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Blung'd me and three poor sailors:more,
Headlong within the foaming ocean!
For me---it may be only fancy---
To snatch me from the arms of Nancy. Scarce the foul hurricane was clear’d,
Scarce winds and waves had ceasd to rattle, Ere a bold enemy appear’d,
And, dauntless, we prepar'd for battle. And now, while some friend or wife,
Like lightning rushid on ev'ry fancy, To Providence I trusted life,
Put up a pray’r---and thought on Nancy. At last, 'twas in the month of May,
The crew, it being lovely weather, At thrce, A. M. discover'd day,
And England's chalky cliffs together; At seven, up Channel how we bore,
While hopes and fears rushid on my fancy; At twelve I gaily jump'd ashore,
And to my throbbing heart press'd Nancy.
* * * * * *
THE BARBER'S SHOP.
'TWAS Saturday night, six went the clock,
Spruce was the barber's shop; Wigs decorated ev'ry block,
From scratch to Tyburn top.
Smil'd to receive the suds,
To grace their Sunday's duds.
Spoken. ] And there was Smash, the glazier; and Sink, the plumber; and Light, the tallow-chandler; and Blow, the bellows-maker; and Thrash, the Farmer; and Blind, the upholsterer; and Bother, the lawyer ; and Bury, the undertaker; and Smother, the dustman; and those labourers of different descriptions,
Who on Saturday night,
Get shay'd fit for church on the Sunday;
The better to sin on a Monday.
You're summon’d to the chair:
Above board all, and fair.
How's wife, and cats, and dogs ?
That's well and how goes hogs ?
Spoken. ] I say, lawyer, the tonser here is a keen hand at a razor ; he'll shave you as close as you shave your clients, ha, ha, ha, and then he gives one such a twist you see, though nobody affronts un, he always takes one by the nose, ha, ha, ha, yes, but the worst on't be, that he somtimes shavesee and bleedsee for the same money, ha, ha, ha. Yaw! yaw! zounds, you have killed me! Killed you! killed you! I almost cut my thumb off through your lanthern jaw. Look, look, the butcher do blecd like a pig, ha, ha, ha.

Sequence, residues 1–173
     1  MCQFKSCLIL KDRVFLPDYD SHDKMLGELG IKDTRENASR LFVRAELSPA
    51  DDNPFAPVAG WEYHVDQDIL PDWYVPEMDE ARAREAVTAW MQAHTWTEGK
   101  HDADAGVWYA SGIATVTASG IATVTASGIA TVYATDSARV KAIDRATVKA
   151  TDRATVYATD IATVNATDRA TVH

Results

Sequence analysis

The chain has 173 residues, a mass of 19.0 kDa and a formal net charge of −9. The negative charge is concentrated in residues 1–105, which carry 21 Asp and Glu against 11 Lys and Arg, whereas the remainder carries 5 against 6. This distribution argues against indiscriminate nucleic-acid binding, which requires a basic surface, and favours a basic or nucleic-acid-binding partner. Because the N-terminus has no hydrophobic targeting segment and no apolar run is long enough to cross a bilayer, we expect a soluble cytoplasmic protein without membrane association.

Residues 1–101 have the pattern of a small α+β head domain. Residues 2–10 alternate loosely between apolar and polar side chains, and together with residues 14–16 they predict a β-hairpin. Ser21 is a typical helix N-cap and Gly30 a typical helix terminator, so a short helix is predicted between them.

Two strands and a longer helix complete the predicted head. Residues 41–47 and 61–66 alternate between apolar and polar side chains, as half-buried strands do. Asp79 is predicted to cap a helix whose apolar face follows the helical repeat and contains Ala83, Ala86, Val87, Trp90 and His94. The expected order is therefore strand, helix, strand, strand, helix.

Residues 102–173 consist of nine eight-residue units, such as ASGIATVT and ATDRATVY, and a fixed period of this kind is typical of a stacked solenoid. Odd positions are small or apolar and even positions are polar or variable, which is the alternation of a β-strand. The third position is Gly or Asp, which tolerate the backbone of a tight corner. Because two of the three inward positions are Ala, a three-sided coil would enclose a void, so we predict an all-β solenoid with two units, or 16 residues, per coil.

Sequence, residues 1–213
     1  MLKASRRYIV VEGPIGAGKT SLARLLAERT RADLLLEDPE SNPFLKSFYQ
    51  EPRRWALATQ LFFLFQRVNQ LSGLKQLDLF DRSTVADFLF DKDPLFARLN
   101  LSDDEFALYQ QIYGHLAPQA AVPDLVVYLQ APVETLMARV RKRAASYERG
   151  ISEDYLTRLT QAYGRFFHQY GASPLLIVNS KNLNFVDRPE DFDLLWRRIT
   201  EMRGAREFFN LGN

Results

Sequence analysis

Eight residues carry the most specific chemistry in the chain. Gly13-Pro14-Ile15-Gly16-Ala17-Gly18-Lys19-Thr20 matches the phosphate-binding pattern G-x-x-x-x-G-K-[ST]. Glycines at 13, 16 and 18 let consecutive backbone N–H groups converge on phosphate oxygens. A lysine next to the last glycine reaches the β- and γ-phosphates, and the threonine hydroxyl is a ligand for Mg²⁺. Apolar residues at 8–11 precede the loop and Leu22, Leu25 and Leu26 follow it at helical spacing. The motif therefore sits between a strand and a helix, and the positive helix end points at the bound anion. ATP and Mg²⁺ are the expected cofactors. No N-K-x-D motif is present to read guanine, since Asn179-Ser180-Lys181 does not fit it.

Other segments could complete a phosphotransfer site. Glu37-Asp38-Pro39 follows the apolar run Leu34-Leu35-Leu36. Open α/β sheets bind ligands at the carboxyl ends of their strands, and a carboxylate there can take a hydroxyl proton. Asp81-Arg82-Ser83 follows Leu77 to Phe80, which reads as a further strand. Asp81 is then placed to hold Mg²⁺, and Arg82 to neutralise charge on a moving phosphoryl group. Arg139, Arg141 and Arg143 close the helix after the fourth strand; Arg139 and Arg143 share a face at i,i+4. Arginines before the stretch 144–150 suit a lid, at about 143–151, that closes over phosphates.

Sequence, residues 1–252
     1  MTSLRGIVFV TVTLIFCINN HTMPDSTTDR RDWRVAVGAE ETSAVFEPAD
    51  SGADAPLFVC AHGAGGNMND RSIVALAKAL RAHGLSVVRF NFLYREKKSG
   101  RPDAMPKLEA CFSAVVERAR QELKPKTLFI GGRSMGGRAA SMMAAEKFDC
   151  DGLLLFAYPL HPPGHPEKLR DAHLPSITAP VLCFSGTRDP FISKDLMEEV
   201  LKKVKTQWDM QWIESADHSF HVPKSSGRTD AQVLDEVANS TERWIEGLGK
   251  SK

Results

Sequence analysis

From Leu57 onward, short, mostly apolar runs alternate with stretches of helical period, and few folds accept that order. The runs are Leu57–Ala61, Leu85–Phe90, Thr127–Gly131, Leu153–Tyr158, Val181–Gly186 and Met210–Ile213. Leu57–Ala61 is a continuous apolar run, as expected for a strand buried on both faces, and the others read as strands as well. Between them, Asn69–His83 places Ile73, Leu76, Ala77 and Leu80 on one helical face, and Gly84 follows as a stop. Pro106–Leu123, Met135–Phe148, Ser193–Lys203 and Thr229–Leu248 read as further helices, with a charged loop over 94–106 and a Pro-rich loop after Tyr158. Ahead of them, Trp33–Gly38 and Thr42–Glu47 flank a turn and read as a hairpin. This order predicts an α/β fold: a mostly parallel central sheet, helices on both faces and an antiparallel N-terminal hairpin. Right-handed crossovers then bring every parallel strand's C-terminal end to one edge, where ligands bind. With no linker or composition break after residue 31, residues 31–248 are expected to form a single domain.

Thus the laugh grows loud,
Wło get shav'd fit for church on Sunday;
The better to sin on the Monday.
They roast and baste the cook,
And the schoolmastez bring to booker
And many a random point they Kit,
To give the sallies birth,
By noise and vacant mirth.
Spoken. ] And how diddy come on about the elec. tion? Why, we brought in the squire. A little bribery, I suppose, hey.? Oh, no, no, no bribery at all; I'll tell you how it were: the squire says to I, and about seventeen more neighbours, I'll bet ev'ry one of you fifty guineas that I be'nt returned for your borough; so we said done ; so when we came to consider what a foolish job we had made on't, Icod we were obliged to bring un in, for fear of loosing our money, ha, ha, ha, don'tee zee, don'tee zee, ha, ha, ha.
Thus the laugh goes round,
Who get shav'd fit for church on Sunday;
The better to sin on a Monday.
WHEN wild war's deadly blast was blawn,
And gentle peace returning,
And mony a widow mourning;
Where lang I'd been a lodger,
A poor and honest sodger.
My hand unstain’d wi' plunder;
I thought upon the banks o’ Coil,
I thought upon my Nancy,
That caught my youthful fancy.
Where early life I sported;
Where Nancy aft I courted:
Down by her mother's dwelling!
That in my een was swelling. Wi' alter'd voice, quoth I, sweet lass,
Sweet as yon hawthorn's blossom,
That's dearest to thy bosom ;
And fain wad be thy lodger;
Take pity on a sodger.
And lovelier was than ever;
Forget him shall I never :
Ye freely shall partake it,
You're welcome for the sake o't.
Syne pale like ony lilly,
Art thou mine ain dear Willie ?
By whom true love's regarded,
True lovers be rewarded.
And find thee still true-hearted ;
Tho' poor in gear, we're rich in love,
And mair, we'se ne'er be parted.
A mailin plenish'd fairly:
Thou’rt welcome to it dearly.
The farmer ploughs the manor;
The sodger's wealth is honour; The brave poor sodger ne'er despise,
Nor count him as a stranger; Remember he's his country's stay,
In day and hour of danger.
THE HISTORY OF THE WAR. "TWAS all how and about and concerning the war,
And all the glory of Britain's bold navy; And all our fine brushes, and what 'twas all for, That the whistle of fame has sung out sea and
shore, For when british bull dogs begin for to roar, The prettiest shall soon cry peccavi. For the war, e how it happened, and what 'twas
about, That's nothing to we, tars must do as they're
bid; So, all I can tell you, the war once broke out,
They told us to lick'em, and lick'em we did. As for order and such, you don't get that from me, I shall just as they come speak of actions that's
past, So they do us but honour as lords of the sea, It don't matter a damn, which come first or which last: